Medical malpractice claims can arise when a doctor or nurse fails to provide proper care to a patient. These cases may include surgical errors that result in a patient’s death or injury. They can also include failing to perform a medical procedure according to accepted medical practices. Failure to communicate important information to the patient during surgery or treatment can also result in malpractice claims.
The consequences of medical malpractice may be severe and difficult to detect. In some cases, the consequences may be immediately apparent while in others the consequences may be delayed for years. In these cases, the victim of medical malpractice can claim damages for pain and suffering. In addition, the damages received in a malpractice case may include the cost of treatment, loss of earnings, and other expenses.
Another type of medical malpractice case involves the failure to diagnose. In this case, the patient was diagnosed with a disease but the doctor never followed up on the condition. Other examples of failure to diagnose include discharging the patient too early, not providing follow-up care, or not providing a standard of care for the patient’s condition. In order to qualify for damages, the victim must show that the doctor or medical team did not provide the minimum care necessary for the patient’s condition.
Failure to diagnose a prenatal health condition can also be the basis of a medical malpractice case. For example, a doctor who fails to notify a mother of the existence of Down syndrome during pregnancy may be liable for the death of the baby. In either case, the victim of medical malpractice must contact an attorney to investigate the circumstances and seek compensation.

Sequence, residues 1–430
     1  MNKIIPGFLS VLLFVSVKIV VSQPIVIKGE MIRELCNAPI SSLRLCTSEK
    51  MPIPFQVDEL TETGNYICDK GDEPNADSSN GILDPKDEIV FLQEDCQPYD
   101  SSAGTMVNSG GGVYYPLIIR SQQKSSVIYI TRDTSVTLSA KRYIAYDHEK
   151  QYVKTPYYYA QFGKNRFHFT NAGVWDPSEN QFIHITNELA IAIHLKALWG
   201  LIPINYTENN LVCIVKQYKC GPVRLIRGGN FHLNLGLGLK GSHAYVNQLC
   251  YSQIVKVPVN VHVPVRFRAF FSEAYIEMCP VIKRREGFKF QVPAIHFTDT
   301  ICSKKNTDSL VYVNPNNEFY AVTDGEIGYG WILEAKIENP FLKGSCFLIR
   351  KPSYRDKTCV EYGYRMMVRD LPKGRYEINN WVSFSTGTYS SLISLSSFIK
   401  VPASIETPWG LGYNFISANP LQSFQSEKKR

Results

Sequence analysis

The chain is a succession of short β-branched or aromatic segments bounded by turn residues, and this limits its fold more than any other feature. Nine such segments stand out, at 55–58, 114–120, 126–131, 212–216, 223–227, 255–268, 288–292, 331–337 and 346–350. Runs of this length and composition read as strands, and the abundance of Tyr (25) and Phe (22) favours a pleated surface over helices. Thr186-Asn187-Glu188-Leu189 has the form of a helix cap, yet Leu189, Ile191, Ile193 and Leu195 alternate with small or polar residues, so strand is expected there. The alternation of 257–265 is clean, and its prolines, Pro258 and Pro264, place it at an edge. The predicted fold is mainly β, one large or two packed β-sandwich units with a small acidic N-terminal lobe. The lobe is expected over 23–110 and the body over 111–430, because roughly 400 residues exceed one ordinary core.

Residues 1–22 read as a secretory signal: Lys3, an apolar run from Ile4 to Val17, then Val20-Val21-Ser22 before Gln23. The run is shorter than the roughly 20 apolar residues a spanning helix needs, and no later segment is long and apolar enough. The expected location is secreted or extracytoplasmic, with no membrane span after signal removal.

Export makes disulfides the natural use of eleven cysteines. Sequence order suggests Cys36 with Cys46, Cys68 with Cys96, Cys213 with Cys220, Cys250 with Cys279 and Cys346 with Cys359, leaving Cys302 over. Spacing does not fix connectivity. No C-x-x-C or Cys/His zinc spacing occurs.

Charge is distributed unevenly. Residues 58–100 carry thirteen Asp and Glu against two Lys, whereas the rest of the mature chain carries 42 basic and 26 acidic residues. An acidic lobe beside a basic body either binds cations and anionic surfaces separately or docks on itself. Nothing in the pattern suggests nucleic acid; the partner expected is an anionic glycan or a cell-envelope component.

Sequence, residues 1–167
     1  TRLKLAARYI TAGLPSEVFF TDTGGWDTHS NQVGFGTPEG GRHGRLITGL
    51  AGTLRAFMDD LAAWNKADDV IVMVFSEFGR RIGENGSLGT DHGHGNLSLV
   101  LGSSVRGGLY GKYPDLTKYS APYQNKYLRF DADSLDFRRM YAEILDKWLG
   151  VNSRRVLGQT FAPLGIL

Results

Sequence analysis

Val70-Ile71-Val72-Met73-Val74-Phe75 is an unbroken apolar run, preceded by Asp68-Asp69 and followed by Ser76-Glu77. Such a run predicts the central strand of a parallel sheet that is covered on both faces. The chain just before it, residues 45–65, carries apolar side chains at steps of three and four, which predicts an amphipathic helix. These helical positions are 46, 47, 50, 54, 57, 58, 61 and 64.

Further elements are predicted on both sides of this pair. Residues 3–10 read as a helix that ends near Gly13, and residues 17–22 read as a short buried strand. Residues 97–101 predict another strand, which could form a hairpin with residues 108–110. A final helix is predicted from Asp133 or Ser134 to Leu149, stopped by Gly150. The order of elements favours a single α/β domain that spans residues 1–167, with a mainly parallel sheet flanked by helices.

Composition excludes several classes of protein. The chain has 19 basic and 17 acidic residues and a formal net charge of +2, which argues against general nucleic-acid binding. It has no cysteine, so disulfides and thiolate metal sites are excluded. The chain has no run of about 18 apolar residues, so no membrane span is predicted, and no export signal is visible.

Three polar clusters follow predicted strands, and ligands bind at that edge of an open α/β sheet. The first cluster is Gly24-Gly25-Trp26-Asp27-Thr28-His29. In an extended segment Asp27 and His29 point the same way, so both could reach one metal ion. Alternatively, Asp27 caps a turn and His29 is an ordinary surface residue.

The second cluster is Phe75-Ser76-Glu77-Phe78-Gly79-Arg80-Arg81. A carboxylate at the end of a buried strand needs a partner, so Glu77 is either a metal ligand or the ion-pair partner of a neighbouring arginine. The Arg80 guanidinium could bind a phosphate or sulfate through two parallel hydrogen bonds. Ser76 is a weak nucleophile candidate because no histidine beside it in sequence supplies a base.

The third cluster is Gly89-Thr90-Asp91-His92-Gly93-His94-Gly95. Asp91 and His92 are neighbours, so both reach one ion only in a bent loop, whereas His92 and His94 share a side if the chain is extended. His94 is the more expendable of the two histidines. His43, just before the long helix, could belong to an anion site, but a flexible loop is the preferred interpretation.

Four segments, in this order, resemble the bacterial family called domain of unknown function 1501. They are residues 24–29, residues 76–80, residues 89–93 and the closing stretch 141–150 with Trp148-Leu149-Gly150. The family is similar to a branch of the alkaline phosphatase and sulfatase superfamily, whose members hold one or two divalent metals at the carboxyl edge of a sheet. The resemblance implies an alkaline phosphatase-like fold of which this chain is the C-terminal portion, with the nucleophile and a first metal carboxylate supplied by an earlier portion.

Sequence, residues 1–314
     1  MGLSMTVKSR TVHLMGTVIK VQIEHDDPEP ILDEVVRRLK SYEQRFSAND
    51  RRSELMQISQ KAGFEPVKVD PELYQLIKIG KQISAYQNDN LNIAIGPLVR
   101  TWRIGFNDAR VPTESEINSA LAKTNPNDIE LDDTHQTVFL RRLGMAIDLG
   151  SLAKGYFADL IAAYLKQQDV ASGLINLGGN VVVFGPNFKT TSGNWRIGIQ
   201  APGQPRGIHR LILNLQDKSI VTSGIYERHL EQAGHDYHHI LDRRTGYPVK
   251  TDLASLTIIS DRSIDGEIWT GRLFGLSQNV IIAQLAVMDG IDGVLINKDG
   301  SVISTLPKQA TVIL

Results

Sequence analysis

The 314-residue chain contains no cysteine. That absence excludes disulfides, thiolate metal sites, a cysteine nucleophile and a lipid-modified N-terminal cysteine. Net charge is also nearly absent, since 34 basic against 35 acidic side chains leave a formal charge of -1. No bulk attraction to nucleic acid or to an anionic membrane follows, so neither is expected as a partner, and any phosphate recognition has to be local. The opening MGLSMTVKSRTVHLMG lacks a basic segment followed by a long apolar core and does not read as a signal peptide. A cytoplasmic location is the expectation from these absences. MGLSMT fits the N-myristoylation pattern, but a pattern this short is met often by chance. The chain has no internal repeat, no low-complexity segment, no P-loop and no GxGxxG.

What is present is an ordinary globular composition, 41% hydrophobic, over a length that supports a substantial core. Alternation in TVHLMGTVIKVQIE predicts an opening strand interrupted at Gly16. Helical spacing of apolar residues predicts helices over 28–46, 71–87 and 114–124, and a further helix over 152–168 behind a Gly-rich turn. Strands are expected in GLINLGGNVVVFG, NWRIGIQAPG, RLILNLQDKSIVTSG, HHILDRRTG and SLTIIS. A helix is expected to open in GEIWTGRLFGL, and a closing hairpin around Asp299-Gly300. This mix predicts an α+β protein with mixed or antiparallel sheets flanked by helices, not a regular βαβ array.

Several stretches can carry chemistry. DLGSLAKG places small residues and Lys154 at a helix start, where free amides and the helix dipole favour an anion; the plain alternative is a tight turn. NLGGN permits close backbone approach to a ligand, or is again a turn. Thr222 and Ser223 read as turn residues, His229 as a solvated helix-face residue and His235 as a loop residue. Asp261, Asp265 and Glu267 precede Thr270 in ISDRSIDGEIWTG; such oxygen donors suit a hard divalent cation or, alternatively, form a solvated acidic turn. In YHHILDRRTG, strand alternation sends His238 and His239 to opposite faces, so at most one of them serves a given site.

One of the most notorious forms of medical negligence is surgical error. While it is not the most common type, it is still devastating for patients. Patients expect their surgeons to be competent and safe. Surgical errors can result in lifelong disfigurement or disability, or even death. Accidents of this nature are often the result of errors in reading a patient’s chart or not reviewing the patient’s medical instructions.
Another common example of medical malpractice is a patient’s left-over foreign object. A surgeon may perform an operation on the wrong patient, or even leave an instrument inside their patient. When this happens, the patient may develop a severe infection, which is a serious medical malpractice.
Medical errors can happen at any stage of treatment. In some cases, a doctor may fail to diagnose a condition, resulting in incorrect treatment. Misdiagnosis is more common than drug and surgical errors. Some conditions present themselves in unusual ways and may not be correctly diagnosed. However, failure to diagnose a condition is not considered medical malpractice.
The key to proving a medical malpractice claim is proving that the physician or hospital breached a professional duty. Then, the patient must show that the breach of the duty caused injury and damages.